In September 2021, I wrote an article for The bias who made a similar point: I argued that the clergy could be an important presence on a strike line. One of the key points of my argument was that part of the reason the clergy have power is because they represent their religious communities. It still rings true. But the workers need the support of more than just the clergy; workers need the power of entire church.

Militant clergy presenting and speaking with moral authority to bosses and corporations without regard to the lives of workers is important and invaluable. But there’s no denying that the power of the clergy ultimately comes from the people and organizations they work with. The labor movement needs more than clergy to speak at rallies – it needs everything Christians and believers to organize for workers’ rights.

Beyond simple campaign strategy, there is also a moral and theological imperative within Christian theology that should inspire Christians to come forward. Jesuit liberation theologian Father Ignacio Ellacuría explains it best in his essay, “The Crucified People”, which is found in the book Systematic theology, co-authored by fellow Jesuit liberation theologian Jon Sobrino. In the essay, Ellacuría intervenes in the theological conversation around Christian soteriologies (theories of what the death of Jesus means for our salvation). There are a handful of normative theories regarding the death of Jesus and what it means for human salvation. One example is the substitutionary atonement theory, which posits that when Jesus dies on the cross, he takes on all our sins, appeasing God the Father who saves mankind from the condemnation of hell.

Atonement theories are interesting and important, but the question Ellacuría asks us is not centered on the soteriological implications of Jesus’ death, but on Why Jesus died first. Ellacuría writes, “We can admit that the death of Jesus and the crucifixion of the people are necessary, but only if we are talking about a necessity in history and not just a natural necessity.”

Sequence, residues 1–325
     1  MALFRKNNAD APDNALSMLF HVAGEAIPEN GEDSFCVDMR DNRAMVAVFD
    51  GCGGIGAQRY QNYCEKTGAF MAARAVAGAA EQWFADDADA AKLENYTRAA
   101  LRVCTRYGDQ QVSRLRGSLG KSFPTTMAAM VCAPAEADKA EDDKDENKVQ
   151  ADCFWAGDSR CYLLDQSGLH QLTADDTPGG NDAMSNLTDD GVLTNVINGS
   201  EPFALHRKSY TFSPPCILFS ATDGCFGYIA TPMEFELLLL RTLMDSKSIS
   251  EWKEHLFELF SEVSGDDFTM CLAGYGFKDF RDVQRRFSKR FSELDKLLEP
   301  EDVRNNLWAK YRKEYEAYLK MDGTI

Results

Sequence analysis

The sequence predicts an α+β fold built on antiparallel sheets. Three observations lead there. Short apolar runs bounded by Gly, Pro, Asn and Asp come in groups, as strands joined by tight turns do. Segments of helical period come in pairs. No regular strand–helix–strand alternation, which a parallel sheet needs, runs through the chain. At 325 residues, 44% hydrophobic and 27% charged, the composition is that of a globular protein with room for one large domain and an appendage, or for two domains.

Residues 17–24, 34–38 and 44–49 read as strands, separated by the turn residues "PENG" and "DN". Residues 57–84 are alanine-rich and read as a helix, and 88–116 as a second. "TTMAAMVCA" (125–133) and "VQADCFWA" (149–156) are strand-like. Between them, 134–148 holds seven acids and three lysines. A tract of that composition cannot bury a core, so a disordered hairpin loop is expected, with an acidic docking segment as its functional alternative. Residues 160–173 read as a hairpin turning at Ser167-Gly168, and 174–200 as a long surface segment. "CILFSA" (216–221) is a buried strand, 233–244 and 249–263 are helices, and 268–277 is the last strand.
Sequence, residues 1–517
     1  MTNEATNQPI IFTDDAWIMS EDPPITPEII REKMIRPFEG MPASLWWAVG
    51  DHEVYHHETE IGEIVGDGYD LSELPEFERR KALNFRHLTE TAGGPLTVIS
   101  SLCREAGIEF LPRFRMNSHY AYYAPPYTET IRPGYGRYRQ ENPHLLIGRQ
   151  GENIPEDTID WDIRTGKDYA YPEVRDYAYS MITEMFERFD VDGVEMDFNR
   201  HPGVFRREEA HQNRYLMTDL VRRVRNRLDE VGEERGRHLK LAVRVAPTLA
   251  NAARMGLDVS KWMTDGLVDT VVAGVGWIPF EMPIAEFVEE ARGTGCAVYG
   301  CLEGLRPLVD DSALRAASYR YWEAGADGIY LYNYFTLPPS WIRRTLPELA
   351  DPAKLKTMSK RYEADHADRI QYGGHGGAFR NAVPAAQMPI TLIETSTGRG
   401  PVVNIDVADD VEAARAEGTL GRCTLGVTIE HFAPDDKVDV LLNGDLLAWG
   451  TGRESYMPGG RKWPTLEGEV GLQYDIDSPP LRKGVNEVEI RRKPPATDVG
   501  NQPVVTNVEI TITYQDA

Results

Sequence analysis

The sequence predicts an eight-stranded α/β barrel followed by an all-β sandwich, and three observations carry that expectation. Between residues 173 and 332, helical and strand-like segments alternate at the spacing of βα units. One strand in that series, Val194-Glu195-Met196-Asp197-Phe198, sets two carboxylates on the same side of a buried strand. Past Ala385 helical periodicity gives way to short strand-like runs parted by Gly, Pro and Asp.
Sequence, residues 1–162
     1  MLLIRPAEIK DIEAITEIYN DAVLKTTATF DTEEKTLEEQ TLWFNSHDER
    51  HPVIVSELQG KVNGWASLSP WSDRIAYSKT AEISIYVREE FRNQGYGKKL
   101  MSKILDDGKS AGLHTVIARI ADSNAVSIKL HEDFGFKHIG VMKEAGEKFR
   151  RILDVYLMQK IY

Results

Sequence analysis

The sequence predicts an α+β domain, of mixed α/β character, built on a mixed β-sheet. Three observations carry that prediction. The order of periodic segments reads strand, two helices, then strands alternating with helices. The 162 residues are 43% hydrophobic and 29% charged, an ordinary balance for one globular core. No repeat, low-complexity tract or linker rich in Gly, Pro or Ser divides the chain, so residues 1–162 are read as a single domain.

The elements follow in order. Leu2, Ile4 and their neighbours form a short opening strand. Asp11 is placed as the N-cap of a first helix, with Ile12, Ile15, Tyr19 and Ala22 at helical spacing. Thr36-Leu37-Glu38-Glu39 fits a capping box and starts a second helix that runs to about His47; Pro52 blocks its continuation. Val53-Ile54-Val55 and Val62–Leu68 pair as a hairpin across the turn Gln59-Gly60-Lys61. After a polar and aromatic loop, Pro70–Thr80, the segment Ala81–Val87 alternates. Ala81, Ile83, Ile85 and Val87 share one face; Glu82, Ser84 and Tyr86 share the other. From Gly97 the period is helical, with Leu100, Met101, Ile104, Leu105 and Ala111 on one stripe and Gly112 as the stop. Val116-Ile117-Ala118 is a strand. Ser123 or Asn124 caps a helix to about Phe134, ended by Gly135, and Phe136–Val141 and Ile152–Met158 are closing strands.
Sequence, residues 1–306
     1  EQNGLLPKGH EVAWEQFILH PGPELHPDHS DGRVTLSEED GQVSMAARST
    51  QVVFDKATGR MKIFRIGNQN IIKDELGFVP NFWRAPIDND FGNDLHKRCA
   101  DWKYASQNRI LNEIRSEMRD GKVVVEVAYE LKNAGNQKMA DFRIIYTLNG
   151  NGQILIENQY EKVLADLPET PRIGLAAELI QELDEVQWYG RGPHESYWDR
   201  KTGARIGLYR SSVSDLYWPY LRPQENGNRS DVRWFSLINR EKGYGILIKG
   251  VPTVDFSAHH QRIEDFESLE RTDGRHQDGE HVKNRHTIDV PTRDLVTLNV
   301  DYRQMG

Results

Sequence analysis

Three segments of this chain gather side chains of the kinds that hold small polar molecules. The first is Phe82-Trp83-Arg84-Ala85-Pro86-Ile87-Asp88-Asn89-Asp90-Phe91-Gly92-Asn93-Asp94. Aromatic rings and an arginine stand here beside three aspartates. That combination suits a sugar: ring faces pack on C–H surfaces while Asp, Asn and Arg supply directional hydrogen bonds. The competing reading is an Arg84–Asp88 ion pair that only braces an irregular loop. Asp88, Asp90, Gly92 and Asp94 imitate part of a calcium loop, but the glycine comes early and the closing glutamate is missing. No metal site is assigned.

Rather than fall back on a cosmic or metaphysical justification for the necessity of Jesus’ death, Ellacuría reasons that Jesus was crucified for the same reason the poor and working people everywhere are crucified: the powers and principalities of this world do not simply don’t care about the lives of the people they exploit. And if exploited people create trouble, then powers and principalities try to silence calls for justice and protect their own brand.

Reflecting on the crucifixion of Jesus, Ellacuría explains that there is a whole class of people who find themselves in a situation similar to that of Jesus when he was here on this earth. Ellacuría calls this class of people the “crucified people”. Ellacuría expresses it thus: “What is meant by crucified persons here is that collective body which, as the majority of humanity, owes its crucifixion situation to the way in which society is organized and maintained by a minority which exercises its domination…”